According to Christian doctrine, Christ suffered for your sins. While I have no wish to get all John Lennon on you and start comparing myself to Christ, I would like to point out that I have, in fact, suffered for the bad things you've done.
Right now, for example, I'm suffering for the fact that you (or a whole lot of people like you) spent $75 million watching the live-action Garfield movie in the summer of 2004. Encouraged by your monetary vote of confidence, some damn fool went out and made another one these things. It's all your fault, America. I didn’t contribute to the box office receipts of Garfield. I saw it for free.
It's OK, though. I forgive you. I'm confident you regret your past actions. I'm sure you wrote it off as a “slow weekend” with “nothing better to do.” Hell, you were probably drunk when you saw it. In that case, here's my advice: Think of Garfield: A Tail of Two Kitties as a bad first date you're embarrassed you ended up sleeping with. The best course of action is to simply avert your eyes as you pass the theater and pretend you can't see it. Garfield? Who the hell is Garfield? Never heard of him.
Don't worry. I'll take a bullet for the team on this one. I'll watch Garfield: A Tail of Two Kitties so you don't have to.
In A Tail of Two Kitties (oh, the puns are already flowing fast and furious and it's only the title), our fat feline finds himself embroiled in a case of mistaken cat-identity. Rather than ripping off Charles Dickens’ A Tale of Two Cities as the title implies, this no-effort-expended sequel rips off Mark Twain’s The Prince and the Pauper. Much as it pains me to do so, allow me to elaborate on the plot at hand. Garfield’s schmucky owner Jon (Breckin Meyer) follows his lady love Liz (Jennifer Love Hewitt) to England in hopes of asking her to marry him. For reasons too contrived to get into, Garfield ends up being mistaken for a royal fat cat and inheriting a castle in the English countryside.
Once ensconced in the rich trappings he so smugly believes he deserves, our lasagna-loving feline runs afoul of the scheming Lord Dargis (played by a no-doubt embarrassed Billy Connolly) who wants the estate all for himself. Turns out he plans to evict the castle’s many animals, converting the place into a resort hotel that ... oh, why bother getting into it? From there on out, it’s pretty much Home Alone 6, with Garfield outwitting the bumbling Brit and Connolly picking up the slapstick table scraps of Daniel Stern. (Ouch.)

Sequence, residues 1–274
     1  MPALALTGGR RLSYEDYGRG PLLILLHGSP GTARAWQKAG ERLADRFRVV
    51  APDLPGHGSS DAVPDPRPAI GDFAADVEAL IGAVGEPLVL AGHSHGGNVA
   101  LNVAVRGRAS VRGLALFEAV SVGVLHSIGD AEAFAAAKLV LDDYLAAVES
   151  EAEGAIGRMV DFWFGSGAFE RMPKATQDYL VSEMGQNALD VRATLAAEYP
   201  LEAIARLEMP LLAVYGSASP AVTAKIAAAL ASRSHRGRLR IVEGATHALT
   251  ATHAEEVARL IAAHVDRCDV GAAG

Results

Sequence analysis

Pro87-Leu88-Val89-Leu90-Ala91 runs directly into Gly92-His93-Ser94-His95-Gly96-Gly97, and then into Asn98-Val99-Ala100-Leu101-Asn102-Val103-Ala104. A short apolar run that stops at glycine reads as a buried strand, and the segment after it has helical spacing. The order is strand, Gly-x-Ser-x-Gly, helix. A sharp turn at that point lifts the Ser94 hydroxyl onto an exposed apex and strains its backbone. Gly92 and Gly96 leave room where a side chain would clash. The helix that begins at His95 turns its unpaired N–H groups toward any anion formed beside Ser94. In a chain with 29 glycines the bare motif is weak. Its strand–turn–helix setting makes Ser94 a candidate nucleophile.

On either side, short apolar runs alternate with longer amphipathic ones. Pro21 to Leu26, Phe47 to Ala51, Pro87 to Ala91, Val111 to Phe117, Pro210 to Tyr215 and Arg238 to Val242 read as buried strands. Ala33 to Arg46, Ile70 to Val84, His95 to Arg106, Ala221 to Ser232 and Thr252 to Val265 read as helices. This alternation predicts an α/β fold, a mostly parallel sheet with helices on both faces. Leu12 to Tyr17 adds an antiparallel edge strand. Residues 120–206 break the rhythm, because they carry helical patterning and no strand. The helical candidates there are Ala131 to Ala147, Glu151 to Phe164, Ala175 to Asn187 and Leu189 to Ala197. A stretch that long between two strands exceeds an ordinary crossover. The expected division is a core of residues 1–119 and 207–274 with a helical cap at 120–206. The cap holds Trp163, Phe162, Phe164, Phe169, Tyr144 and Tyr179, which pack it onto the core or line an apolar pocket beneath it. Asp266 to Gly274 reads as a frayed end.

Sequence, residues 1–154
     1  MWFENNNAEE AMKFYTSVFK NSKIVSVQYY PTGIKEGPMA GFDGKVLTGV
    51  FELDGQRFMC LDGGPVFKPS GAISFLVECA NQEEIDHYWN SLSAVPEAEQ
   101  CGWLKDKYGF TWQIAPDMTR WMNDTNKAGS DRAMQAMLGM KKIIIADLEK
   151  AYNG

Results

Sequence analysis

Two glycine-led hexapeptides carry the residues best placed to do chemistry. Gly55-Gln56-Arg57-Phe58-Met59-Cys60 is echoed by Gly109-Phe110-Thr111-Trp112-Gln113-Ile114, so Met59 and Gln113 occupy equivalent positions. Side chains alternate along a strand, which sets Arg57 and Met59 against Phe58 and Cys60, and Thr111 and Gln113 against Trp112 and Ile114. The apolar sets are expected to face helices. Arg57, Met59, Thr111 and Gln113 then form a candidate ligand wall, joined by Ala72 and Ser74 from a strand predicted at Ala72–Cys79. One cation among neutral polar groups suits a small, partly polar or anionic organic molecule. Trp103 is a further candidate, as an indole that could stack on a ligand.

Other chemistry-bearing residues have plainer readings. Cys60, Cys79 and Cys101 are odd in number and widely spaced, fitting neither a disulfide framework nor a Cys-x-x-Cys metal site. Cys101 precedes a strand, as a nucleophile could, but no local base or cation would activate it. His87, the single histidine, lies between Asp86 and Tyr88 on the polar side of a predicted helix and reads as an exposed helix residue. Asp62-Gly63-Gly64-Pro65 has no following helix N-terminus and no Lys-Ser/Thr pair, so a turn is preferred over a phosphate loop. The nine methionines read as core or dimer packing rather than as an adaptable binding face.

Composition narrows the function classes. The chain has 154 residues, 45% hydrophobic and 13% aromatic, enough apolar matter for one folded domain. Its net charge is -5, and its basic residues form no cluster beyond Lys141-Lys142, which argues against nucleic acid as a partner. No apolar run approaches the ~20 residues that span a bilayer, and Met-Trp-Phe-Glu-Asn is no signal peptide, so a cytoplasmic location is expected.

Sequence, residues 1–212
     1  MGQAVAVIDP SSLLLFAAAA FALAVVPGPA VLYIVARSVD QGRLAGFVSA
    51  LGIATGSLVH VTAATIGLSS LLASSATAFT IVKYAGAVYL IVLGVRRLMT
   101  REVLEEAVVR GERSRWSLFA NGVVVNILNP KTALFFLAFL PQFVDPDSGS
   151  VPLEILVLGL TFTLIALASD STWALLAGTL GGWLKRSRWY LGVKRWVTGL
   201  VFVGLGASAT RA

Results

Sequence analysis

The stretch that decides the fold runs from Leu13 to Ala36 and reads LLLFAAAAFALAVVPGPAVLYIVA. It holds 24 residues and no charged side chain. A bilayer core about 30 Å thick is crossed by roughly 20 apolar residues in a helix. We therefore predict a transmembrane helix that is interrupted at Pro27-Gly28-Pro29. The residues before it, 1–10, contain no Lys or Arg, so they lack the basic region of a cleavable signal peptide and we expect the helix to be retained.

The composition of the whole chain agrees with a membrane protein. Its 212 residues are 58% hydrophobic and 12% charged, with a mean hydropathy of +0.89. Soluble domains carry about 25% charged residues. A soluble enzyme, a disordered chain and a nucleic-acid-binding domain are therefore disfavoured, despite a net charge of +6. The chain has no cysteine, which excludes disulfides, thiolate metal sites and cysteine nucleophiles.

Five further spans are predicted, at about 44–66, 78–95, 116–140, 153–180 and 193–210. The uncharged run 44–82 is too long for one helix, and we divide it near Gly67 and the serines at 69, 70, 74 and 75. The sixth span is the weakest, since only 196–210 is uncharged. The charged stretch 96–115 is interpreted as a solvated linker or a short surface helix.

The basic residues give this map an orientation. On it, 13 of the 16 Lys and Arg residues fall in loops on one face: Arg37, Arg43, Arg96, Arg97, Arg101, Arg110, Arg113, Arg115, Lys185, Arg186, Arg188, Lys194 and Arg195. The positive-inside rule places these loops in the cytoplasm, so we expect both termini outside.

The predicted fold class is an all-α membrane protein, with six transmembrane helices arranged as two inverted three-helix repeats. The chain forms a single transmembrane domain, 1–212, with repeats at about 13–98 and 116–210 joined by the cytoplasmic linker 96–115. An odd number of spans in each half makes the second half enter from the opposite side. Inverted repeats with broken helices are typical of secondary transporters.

Leashed to an unoriginal storyline and some hideously dated jokes (Silence of the Lambs was 15 years ago, people! What kid is gonna get that reference?), A Tail of Two Kitties totters along on musical montages and butt jokes (your basic repertoire of farts and keister falls). There's enough color and movement to keep the youngest of youngsters from gnawing on the seatback in front of them, but just barely.
A film like Garfield: A Tail of Two Kitties neither asks for, nor merits any sort of critical analysis. Think too hard (or at all), and you're giving it too much credit. Nonetheless, I felt vaguely creeped-out by the fact that this film features a mix of normal, non-talking animals (like Garfield’s dumb-dog nemesis Odie), real animals who can talk (just like Babe: Pig in the City) and computer-generated cartoons (Garfield and his twin, voiced by a no-doubt embarrassed Tim Curry). What's the deal with that? Pick one or the other. Wildly inconsistent and filled with silly fantasy, this Garfield doesn't even do justice to its “three panels and a punchline” source material.
And to those legions of grown-up Garfield fans (you know who you are with your Garfield coffee mugs and your plush orange dolls clinging wide-eyed to the back window of your Geo Metro), I say this: Stop, you're embarrassing yourself. Jim Davis' comic strip hasn't been funny in 20 years. Go read a clever, humorous, well-written comic strip, like ... um ...